Plaintiff then retained the Vladeck Firm from September 2012 to July 2014 to represent her in this action. In her declaration, Ms. Clark of the Vladeck Firm states, based on extensive documentation, that the Firm's fees and expenses in this case total $89, 023.83.[2] Ms. Clark explains that in arriving at the total amount, she had "examined the computer entries for which fees are sought" and certified that the fees were "accurate, reasonable and necessarily incurred in the prosecution of the case." Among other exclusions, the Vladeck Firm also excluded the time and expenses incurred after May 9, 2014, the date Plaintiff terminated her relationship with the firm.

The Vladeck Firm focuses on employment law and has been very successful in representing employees in litigation and arbitration. Ms. Clark, a partner at the firm, has practiced law for approximately 25 years, has served as lead and co-counsel at trial in numerous employment cases and has taught employment and discrimination law at various law schools for over a decade. The Vladeck Firm billed Ms. Clark's time at an hourly rate of $700, Ms. Clark's standard rate since 2012. The firm also charged $350 per hour for an associate who has practiced law for almost a decade and $200 per hour for a recent law school graduate.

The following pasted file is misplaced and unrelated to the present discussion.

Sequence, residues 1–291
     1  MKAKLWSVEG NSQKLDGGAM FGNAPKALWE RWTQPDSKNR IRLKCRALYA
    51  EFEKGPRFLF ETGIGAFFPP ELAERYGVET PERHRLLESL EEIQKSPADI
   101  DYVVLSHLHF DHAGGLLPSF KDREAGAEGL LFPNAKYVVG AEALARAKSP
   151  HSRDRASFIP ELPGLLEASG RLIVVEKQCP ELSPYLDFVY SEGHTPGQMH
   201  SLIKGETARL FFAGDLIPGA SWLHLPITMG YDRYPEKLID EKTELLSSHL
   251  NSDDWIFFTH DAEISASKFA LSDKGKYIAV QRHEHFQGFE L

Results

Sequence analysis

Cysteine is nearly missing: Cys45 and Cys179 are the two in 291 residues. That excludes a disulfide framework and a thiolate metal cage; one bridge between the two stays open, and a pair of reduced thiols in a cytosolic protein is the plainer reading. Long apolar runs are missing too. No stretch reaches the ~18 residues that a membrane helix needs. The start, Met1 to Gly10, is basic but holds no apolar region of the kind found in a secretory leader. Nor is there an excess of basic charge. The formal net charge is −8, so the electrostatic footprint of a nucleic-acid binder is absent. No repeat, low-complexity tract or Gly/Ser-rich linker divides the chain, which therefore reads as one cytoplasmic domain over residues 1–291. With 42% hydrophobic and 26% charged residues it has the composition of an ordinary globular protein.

Plaintiff signed two successive retainer agreements with the Vladeck Firm. The first retainer, which Plaintiff signed on October 10, 2012 (the "2012 Retainer"), stated that the Vladeck Firm would bill Ms. Clark's time at $700 per hour, associates at $250 to $400 per hour, law clerks at $150 per hour and paralegals at $125 per hour. The 2012 Retainer further provided that "[i]f there is a settlement in this matter, [the Vladeck Firm] will also receive 5% of any gross amount accepted by [Plaintiff] (including any amount [CUNY] pays towards attorneys' fees)."

On November 18, 2013, Plaintiff signed a second retainer with the Vladeck Firm (the "2013 Retainer"), which explicitly superseded and replaced the older retainer. Under the 2013 Retainer, the Vladeck Firm agreed to bill at the reduced hourly rates of $300 per hour for Ms. Clark and $200 for associates, with no change in the remaining rates. However, the 2013 Retainer provided that "if we[, i.e., the Vladeck Firm] obtain a monetary settlement or verdict in your favor, we would ...